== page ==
And yes, it might be the case that in the near future you will get from us a polished version of this pipeline as an emergency tool to help you find your way out when you are caught in one of the many pitfalls of the current package manager.

Autoremove is subject to serious pitfalls in the presence of 'meta' packages.

Looking better into the reasons why aptitude wants to destroy my gnome desktop, and leave me with an old fashioned command-line interface, one can find a bad consequence of an apparently good idea: autoremove.

The autoremove feature has been introduced a while ago to help users get rid of packages that are not needed any more: the idea is that when the package manager removes a package that is on the machine because it was requested by the user, it will also remove all of its dependencies which are no longer needed for any other package requested by the user; such packages are also called orphans, and the autoremove feature has be considered so helpful that it is now the default behavior in recent versions of aptitude.

Unfortunately, there are cases when autoremove is not such a good idea: to understand the problem, let's summarize what autoremove does (please forgive the necessary approximation), considering again our example above.

  1. At some point in time, the user (me), asks to install the gnome package. As we have seen above, this is a meta-package intended to bring into my machine all the components of the Gnome desktop, sparing me the tedious work of digging out the 100+ packages that compose it.
  2. Aptitude (and now apt-get too) mark Gnome as a package that has been explicitly requested from the user, and all the other components of Gnome are marked as 'automatic' dependencies (i.e. packages not explicitly requested by the user, but installed to satisfy a user request)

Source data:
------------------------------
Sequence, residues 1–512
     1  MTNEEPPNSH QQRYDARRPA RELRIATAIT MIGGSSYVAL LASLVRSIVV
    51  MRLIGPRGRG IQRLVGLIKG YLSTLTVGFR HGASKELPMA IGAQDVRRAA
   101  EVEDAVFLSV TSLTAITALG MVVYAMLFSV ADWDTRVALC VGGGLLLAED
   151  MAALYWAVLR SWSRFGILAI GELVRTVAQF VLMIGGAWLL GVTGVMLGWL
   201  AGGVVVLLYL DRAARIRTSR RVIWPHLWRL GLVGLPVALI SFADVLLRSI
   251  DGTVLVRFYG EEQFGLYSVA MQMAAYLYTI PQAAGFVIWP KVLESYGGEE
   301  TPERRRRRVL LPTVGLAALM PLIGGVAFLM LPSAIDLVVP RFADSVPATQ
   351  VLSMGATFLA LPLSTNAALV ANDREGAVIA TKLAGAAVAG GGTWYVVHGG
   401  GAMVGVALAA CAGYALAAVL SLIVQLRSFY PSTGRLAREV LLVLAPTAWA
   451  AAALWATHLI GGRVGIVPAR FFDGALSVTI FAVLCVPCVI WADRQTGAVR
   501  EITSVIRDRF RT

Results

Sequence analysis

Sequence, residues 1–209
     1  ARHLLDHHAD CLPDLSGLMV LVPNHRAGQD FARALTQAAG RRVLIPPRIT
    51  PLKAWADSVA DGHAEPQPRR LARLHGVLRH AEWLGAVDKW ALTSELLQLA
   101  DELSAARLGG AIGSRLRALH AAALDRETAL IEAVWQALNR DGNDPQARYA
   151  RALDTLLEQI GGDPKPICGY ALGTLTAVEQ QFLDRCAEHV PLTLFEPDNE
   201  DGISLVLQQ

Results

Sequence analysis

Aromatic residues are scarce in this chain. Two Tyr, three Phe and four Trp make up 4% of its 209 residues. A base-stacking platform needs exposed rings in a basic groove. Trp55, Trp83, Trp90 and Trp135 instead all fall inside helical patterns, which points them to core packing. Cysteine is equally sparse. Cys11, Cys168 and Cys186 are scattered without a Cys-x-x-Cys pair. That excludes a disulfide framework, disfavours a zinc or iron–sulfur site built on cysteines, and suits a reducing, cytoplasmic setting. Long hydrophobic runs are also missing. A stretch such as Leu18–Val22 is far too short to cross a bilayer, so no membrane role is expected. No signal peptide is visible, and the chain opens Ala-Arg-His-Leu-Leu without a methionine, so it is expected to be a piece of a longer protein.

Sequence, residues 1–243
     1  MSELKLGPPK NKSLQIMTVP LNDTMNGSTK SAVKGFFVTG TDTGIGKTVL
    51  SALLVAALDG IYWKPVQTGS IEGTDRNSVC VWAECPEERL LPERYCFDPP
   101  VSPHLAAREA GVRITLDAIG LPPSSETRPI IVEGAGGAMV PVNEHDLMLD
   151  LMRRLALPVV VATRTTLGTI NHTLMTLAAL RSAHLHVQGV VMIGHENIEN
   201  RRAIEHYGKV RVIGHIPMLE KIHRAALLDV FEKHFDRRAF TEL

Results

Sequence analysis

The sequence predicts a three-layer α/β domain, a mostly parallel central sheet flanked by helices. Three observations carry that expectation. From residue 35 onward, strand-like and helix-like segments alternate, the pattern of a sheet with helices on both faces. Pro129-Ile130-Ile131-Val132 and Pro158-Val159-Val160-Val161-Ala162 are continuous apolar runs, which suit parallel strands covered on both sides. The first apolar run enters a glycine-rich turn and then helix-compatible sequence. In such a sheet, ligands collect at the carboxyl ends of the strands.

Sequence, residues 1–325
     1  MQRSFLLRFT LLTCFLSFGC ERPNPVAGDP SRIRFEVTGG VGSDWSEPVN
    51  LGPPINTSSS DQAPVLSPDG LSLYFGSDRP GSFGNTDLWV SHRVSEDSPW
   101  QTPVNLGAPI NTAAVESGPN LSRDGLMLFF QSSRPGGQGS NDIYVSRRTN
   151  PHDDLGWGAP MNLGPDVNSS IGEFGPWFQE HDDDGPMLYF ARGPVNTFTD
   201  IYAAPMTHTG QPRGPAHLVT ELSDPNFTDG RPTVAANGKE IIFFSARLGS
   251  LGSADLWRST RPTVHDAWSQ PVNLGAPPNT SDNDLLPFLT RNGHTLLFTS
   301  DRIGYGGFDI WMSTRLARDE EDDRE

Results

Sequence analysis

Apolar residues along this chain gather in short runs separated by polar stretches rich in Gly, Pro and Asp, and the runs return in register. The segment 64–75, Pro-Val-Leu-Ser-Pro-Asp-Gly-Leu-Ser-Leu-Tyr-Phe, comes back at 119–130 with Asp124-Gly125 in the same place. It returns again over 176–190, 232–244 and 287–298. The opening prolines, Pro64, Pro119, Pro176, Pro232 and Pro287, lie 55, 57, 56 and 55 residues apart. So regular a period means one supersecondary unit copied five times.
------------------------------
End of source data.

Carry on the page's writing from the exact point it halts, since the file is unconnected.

3. When I request the installation of baobab, the solver in aptitude sees that the installed version of gnome-utils is in conflict with baobab, so decides to downgrade it, but doing so breaks libgdict-1.0.6, which leads to the removal of gnome-desktop-environment and gnome (so far, so good)
  4. Applying the autoremove policy, when removing the gnome package, that I had explicitly requested, aptitude decides to get rid of all the orphans of gnome, which are the 100+ packages composing the gnome desktop!

It is clear that autoremove interacts badly with meta-packages: metapackages are just a convenient way to bring in a collection of related packages, and a user will be quite confortable to live with a broken metapackage if this is necessary to accommodate versions of some components which are not aligned with that particular metapackage.

Orphaning all dependencies of a metapackage, and removing all of them, as soon as one of the hundreds of these dependencies is broken, is not reasonable: it leads to surprising behaviour!

The user should be at least asked whether they want to perform autoremove or not, like what apt-get does. In the current situation, I did not find a way to tell aptitude on the command line not to apply the autoremove policy.

We did not need to do anything in the first place, and the system should have told me!

Digging into this issue a bit more deeper, I found out that I did not need to install the baobab package at all! Sometimes ago the baobab functionality has been merged into the gnome-utils package, and it was just enough to launch the program:

$which baobab
$dpkg -S /usr/bin/baobab
gnome-utils: /usr/bin/baobab

Could the system have told me in the first place? The answer is yes: just look at the meta-information available to the package manager.

$apt-cache show gnome-utils
Package: gnome-utils
Status: install ok installed
Priority: optional
Section: gnome
Installed-Size: 20700
Maintainer: Debian GNOME Maintainers <>
Architecture: i386
Version: 2.26.0-1
Replaces: baobab, gdict, gnome-admin (<= 1.0.3-2), gnome-panel (<< 2.9), gnome-panel-data (<< 2.9)
Provides: dict-client, gdict
Depends: e2fslibs (>= 1.37), libart-2.0-2 (>= 2.3.18), libatk1.0-0 (>= 1.20.0), libbonobo2-0 (>= 2.15.0),
               libbonoboui2-0 (>= 2.15.1), libc6 (>= 2.3.6-6~), libcairo2 (>= 1.2.4), libdbus-1-3 (>= 1.0.2),
               libfontconfig1 (>= 2.4.0), libfreetype6 (>= 2.2.1), libgconf2-4 (>= 2.23.2),
               libgdict-1.0-6 (>= 2.23.90), libglade2-0 (>= 1:2.6.1), libglib2.0-0 (>= 2.18.0), libgnome-desktop-2-11,
               libgnome2-0 (>= 2.17.3), libgnomecanvas2-0 (>= 2.11.1), libgnomeui-0 (>= 2.22.0),